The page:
Three Questions to Keep Your Kingdom-Building Family Focused

Posted by Colleen C. Mitchell on 1/23/17 7:00 AM

familyLast week, we had an amazing six-day family retreat led by our dear friend and spiritual director who also happens to be a priest. We tucked ourselves away in a little cabin on the coast and quieted our souls with time away from ministry, early morning walks on the beach, evening swims and night time crab hunts. We dotted the days with the once in a life-time experience of whale watching and a bit of surfing.But the real purpose of the time away was not only to relax (although that was necessary to get to the next part) but to refocus on who we are and what we are about as a family.

You see, we have to walk a fine balance in our family. We are missionaries and non-profit founders and that could easily morph into our family identity. But the truth is our family is not our non-profit or our ministry. It is a much, much grander vision than that, and it is important for us to define who we are a family, including our mission, but not limiting it to that.

The results of our retreat were a family mission statement, a daily schedule, and some priority goals for our family. We had a mission statement that we had done a few years ago, but the boys were much younger then and our ministry was different and it reflected that. Refocusing on who we are with the full participation of the kids was a gift I cannot put a value on.

I think some version of this family retreat is indispensable to family life if you serve in any way in ministry or are just a family looking to build the Kingdom together in this world.

You could do it at home, but ideally, you would combine the process with the time to step away from your daily life and really reflect in a relaxed state. And ideally, you would repeat yearly or semi-annually as your kids grow and life changes.

Our retreat was based on asking ourselves these three simple questions:

  • What does it mean to be a member of the Mitchell family on mission in Costa Rica?
  • Given the answer to that question, what should our days look like?
  • What are three specific, measureable goals we can make a priority as we return home and put this work into practice?

For your family, the opening question might be phrased, “What does it mean to be a member of the ______ family building the Kingdom in ___________ (your community, your church, your specific ministry)?”

We brainstormed in a very casual form, throwing our words and phrases, as well as bigger ideas about what it meant to be us: respect unity, loving others, prayerful, joy, creative, sacrifice. We spent time talking about what those concepts meant to us as individuals.


Check out "We Are Family" by Jeremy Harrington, OFM!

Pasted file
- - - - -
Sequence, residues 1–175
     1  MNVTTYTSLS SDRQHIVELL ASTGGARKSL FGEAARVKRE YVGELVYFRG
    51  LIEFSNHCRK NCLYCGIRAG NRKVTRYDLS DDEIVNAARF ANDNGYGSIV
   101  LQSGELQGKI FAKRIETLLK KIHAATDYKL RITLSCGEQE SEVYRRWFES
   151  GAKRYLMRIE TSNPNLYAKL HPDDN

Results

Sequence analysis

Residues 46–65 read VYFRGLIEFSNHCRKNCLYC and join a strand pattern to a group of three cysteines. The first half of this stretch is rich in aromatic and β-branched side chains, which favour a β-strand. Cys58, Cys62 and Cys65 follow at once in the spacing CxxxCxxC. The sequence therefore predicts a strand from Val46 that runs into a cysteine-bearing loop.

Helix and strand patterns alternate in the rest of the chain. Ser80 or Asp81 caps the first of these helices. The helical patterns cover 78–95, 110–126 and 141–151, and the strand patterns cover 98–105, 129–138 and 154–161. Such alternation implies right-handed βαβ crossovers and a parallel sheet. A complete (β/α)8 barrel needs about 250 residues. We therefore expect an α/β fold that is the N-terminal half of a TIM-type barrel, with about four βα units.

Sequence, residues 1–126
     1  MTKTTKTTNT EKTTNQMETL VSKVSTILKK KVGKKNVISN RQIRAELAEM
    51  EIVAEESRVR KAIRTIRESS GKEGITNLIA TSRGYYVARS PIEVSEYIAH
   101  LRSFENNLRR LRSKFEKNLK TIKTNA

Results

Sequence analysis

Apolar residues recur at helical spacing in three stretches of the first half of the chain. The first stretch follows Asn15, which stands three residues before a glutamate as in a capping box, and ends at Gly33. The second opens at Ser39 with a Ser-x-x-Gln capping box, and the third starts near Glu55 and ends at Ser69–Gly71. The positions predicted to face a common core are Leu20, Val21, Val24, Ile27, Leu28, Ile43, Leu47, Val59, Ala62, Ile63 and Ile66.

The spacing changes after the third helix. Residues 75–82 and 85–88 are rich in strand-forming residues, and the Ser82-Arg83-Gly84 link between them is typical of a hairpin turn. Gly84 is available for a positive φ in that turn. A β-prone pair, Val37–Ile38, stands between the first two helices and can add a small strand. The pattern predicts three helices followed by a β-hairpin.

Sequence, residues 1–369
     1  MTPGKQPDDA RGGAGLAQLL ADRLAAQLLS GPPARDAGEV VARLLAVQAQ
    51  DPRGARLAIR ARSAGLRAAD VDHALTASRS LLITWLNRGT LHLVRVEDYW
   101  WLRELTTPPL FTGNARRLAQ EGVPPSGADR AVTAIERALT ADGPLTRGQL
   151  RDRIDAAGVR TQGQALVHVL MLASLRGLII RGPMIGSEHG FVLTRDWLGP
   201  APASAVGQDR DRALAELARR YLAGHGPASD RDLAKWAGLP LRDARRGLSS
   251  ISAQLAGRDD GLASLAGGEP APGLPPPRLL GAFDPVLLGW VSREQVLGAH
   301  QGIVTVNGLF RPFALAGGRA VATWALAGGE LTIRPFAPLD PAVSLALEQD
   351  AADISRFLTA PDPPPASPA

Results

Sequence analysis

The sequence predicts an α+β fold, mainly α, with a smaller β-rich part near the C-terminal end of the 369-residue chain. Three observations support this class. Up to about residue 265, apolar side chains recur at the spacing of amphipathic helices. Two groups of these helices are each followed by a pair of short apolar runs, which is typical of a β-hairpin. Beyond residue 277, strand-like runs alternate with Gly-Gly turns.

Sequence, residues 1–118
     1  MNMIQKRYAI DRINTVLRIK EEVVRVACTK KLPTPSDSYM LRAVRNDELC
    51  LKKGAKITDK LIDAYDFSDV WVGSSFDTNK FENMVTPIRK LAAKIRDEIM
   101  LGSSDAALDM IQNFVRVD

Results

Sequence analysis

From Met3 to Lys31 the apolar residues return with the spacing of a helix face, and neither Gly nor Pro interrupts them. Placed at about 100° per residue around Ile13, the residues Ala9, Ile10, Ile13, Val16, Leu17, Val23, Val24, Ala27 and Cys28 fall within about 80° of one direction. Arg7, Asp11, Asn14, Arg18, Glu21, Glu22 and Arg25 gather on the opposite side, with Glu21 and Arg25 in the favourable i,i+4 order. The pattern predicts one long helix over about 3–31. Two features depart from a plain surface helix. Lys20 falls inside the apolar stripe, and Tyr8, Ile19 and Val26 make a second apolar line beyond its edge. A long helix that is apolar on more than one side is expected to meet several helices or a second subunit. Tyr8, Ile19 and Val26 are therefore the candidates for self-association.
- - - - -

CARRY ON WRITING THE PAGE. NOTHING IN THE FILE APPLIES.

We spent quiet time reflecting on our lives and asking the question, “Am I all in?” and then journaling about why or why not. We allowed time for each person to express some of the ways he was struggling and what might help him “be all in” again.

We had a note taker for each session so we could go back to our thoughts later.

After a few of these free-flowing discussions, we did the hard, focused work of crystallizing all our thoughts into a succinct mission statement for our family.

Here is our mission statement, now posted in our home:

It reads:

We are a family called by God

to live and serve others in joyful unity.

 We are passionately compassionate.

We are sustained by God’s grace through prayer.

We are patient and peaceful.

We sacrifice for the good of others. 

We forgive and ask forgiveness.

We live with creative wonder.

We are sinners who are striving to be SAINTS.

With that in mind, we began to look at all the components that need to fill our days and weeks and we set up a schedule that will frame our days and weeks with prayer, study, ministry, family time, exercise, community and rest.

Knowing that there have been some obstacles lately for us living the healthiest version of this life, we made some goals to keep us focused in the first month of implementing it in our house and discussed consequences for not falling in line with our communal goals as a family.

I admit, it has taking some digging in to get the process actually in action in our house, and lots of self-discipline for me. But I still feel so much energy and joy at who we are and what we are aiming for everyday. It has made such a difference in our home to take the time to define it and give it concrete actions points.

I strongly recommend that any family who wants to refocus on what they are about, get on the same page, and get everyone “all in” ask themselves these three questions and work out the answers together.

What about you? Do you have a family mission statement? How do you keep your family focused on the big picture of your mission as a family and then incorporate that into your daily activities?


Who Does He Say You Are? by Colleen C. Mitchell

Categories: family, faith